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Metals and alloys news, November 2017

Composite materials built from monolayers of graphene and a transition metal dichalcogenide can achieve fine electrical control over the spin of electrons.

Scientists report major progress in developing a new type of lithium-ion battery that utilizes cathodes made with so-called ‘disordered’ materials.

Nanoscale patterns in metals known as nanotwins can stabilize defects associated with repetitive strain and limit the build-up of fatigue-related damage.

Researchers have developed a new technique for creating novel nanoporous materials with unique optical, magnetic, electronic and catalytic properties.

A simple method for manufacturing extremely low-density palladium nanofoams could help advance hydrogen storage technologies.

Cathodes for lithium-ion batteries that contain point defects allow more efficient exchange of lithium ions between the cathode and electrolyte.

Scientists have used cryo-electron microscopy to capture the first atomic-level images of the crystalline dendrites that can grow in batteries.

Scientists have discovered that, contrary to expectations, a material's crystal grains can sometimes slide along a coherent twin boundary.

A marriage between 3D printer plastic and metal-organic frameworks could lead to inexpensive sensors and fuel cell batteries.

Researchers have created a honeycomb material capable of frustrating the magnetic properties within it to produce a ‘quantum spin liquid’.

Treating a perovoskite catalyst with heat or chemicals causes different atoms to segregate on the surface and catalyse different reactions.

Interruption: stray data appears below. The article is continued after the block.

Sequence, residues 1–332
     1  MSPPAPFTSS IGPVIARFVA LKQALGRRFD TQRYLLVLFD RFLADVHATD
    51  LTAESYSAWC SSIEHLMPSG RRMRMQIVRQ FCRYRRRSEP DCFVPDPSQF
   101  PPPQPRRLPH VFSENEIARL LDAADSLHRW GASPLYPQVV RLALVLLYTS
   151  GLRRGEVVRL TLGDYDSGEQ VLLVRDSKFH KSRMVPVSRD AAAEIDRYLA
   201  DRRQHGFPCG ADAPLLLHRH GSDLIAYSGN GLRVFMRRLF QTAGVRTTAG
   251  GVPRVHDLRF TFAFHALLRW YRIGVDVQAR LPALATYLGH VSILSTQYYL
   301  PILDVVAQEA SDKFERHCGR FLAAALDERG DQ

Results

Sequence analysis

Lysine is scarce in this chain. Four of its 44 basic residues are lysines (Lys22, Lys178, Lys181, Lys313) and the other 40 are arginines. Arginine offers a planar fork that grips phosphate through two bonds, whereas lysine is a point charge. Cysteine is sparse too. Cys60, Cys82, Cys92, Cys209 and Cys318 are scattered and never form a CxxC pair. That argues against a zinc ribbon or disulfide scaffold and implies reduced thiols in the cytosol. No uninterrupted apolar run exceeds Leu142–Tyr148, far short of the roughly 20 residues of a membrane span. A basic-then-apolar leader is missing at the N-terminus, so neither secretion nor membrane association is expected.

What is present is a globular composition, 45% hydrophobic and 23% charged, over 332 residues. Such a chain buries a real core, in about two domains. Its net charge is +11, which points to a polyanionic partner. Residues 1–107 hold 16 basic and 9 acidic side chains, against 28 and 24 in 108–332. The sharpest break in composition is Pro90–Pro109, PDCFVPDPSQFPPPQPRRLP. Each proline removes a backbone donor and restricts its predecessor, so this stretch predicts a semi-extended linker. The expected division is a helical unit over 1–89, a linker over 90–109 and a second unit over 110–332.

For the first time, researchers have developed a way to create atomically thin metal oxide layers that don't exist naturally.

Scientists have determined what kind of carbon nanotubes produce the best fibers and developed a novel method for purifying them.

Lateral heterojunctions between 2D semiconducting monolayers produce more efficient solar cells than vertical stacks.

A new microscopy method can measure the behavior and properties of electrons flowing across the surface of topological insulators.

Novel nanocomposite harnesses water flow and sunlight to break up organic pollutants.

Doping 2D materials with other elements can not only alter their mechanical and electrical properties, but can also make them magnetic.

Researchers have found a way to reversibly change the atomic structure of a two-dimensional material by injecting electrons.

A self-formed, flexible, hybrid solid-electrolyte interphase layer solves many of the problems that currently bedevil lithium-sulfur batteries.

3D nanoelectronic system made up of stacked layers of carbon nanotube transistors and random-access memory cells could improve computational devices.

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